Jan 25, 2016
From KPMG TaxWatch
Recently, the Missouri Supreme Court considered whether fees charged for dance classes were subject to sales tax as fees paid to a place of amusement, entertainment, or recreation. The taxpayer at issue, a dance studio, charged fees for dance classes in which participants, ranging from young children to adults, were instructed on various styles of dance. Missouri imposes a sales tax on fees paid to any place of “amusement, entertainment or recreation.” On audit, the Missouri Department of Revenue determined that the dance studio constituted a place of amusement and assessed tax on the dance class fees. After the assessment was upheld at the administrative hearing level, the taxpayer appealed to the Missouri Supreme Court.
The taxpayer argued before the court that it should not be considered a place of amusement because the primary purpose of the dance studio is to teach students how to dance, not to amuse, entertain, or provide recreation. However, according to the court, this “primary purpose test” had already been rejected because many activities can be both educational and amusing or recreational at the same time, much like the taxpayer’s dance lessons. Instead, the court had adopted a de minimus test, holding that a business is a place of amusement if “amusement, entertainment or recreation” comprise more than a de minimus portion of business activities. Under this “de minimus test”, three factors are considered: (1) the manner in which the place holds itself out to the public; (2) the amount of revenue generated by amusement or recreational activities at the place; and (3) the pervasiveness of the amusement or recreational activities at the place. The court found that the taxpayer held itself out as a place of amusement because its website and promotional materials consistently emphasized the fun and enjoyment that participants experience when taking its dance classes. Turning to the second and third factors, the court first determined that the dance classes constituted “amusement” despite their dual nature as both an educational and recreational activity. The court then found that the second and third factors were met since dance classes accounted for nearly two-thirds of the taxpayer’s income and were the most pervasive of the taxpayer’s business activities for the relevant years. For more information on Miss Dianna’s School of Dance, Inc. v. Director of Revenue, please contact Andrea Turner at 816-802-5236.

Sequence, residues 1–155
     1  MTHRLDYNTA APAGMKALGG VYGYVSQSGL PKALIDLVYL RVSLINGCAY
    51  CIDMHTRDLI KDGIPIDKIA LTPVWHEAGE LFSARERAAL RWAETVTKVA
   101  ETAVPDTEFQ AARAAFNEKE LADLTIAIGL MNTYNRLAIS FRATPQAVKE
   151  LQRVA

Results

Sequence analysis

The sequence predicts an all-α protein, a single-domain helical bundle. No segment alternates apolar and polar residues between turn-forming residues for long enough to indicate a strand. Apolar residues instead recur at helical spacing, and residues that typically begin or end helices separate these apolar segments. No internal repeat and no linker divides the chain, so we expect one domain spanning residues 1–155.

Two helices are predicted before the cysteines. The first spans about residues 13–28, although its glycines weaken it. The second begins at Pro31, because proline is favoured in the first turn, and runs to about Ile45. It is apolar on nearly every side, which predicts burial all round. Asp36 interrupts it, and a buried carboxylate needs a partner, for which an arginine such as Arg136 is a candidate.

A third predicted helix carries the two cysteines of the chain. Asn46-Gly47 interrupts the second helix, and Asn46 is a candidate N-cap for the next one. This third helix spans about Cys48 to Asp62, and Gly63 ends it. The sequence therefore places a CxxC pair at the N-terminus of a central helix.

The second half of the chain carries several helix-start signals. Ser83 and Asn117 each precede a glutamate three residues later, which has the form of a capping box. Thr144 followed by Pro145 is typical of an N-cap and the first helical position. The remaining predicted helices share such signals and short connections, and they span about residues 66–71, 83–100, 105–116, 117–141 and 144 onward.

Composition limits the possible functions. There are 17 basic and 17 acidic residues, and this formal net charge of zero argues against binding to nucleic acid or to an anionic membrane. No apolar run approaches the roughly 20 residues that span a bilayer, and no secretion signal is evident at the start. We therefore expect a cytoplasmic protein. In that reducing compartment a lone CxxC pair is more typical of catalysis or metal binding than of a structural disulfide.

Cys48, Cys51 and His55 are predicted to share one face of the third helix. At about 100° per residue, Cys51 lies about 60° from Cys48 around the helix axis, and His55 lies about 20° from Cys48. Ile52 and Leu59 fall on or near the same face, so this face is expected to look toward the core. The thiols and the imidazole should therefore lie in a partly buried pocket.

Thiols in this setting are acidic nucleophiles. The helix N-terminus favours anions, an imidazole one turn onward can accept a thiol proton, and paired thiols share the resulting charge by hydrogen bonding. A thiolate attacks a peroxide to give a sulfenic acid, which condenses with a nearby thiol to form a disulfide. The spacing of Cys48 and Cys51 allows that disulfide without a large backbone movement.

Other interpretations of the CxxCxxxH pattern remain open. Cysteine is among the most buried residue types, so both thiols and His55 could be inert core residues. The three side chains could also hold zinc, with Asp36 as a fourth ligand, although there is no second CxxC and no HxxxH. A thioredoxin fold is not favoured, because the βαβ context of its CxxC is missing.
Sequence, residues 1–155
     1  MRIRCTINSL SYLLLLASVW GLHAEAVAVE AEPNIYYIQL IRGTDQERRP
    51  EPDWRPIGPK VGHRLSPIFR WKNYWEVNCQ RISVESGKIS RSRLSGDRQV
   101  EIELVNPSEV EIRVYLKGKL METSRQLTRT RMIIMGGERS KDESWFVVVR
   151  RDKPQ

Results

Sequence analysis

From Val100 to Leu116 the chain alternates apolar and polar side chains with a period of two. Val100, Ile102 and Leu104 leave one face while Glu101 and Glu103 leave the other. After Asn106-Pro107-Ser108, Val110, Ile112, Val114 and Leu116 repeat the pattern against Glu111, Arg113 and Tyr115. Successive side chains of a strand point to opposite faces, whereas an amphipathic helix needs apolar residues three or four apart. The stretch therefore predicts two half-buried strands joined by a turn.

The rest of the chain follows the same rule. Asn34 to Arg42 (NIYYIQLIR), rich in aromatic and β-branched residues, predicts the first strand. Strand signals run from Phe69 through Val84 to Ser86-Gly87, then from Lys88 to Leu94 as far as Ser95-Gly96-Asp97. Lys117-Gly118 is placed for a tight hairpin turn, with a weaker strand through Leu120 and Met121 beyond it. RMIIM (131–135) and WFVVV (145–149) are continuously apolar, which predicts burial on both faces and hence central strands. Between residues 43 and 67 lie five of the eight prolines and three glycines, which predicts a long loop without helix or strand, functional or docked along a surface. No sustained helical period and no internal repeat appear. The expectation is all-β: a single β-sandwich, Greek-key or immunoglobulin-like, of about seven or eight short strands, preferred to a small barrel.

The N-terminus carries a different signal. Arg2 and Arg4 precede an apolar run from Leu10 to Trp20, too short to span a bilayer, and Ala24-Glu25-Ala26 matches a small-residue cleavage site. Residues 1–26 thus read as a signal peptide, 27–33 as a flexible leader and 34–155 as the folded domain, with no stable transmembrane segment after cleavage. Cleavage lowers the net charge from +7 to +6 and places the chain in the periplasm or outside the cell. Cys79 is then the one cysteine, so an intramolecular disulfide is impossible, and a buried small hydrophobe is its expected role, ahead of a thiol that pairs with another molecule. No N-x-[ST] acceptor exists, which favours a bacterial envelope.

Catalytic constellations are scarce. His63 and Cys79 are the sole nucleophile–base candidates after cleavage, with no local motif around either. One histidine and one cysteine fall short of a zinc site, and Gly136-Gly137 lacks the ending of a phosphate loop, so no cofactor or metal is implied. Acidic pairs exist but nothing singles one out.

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The following information is not intended to be "written advice concerning one or more federal tax matters" subject to the requirements of section 10.37(a)(2) of Treasury Department Circular 230.
The information contained herein is of a general nature and based on authorities that are subject to change. Applicability of the information to specific situations should be determined through consultation with your tax adviser.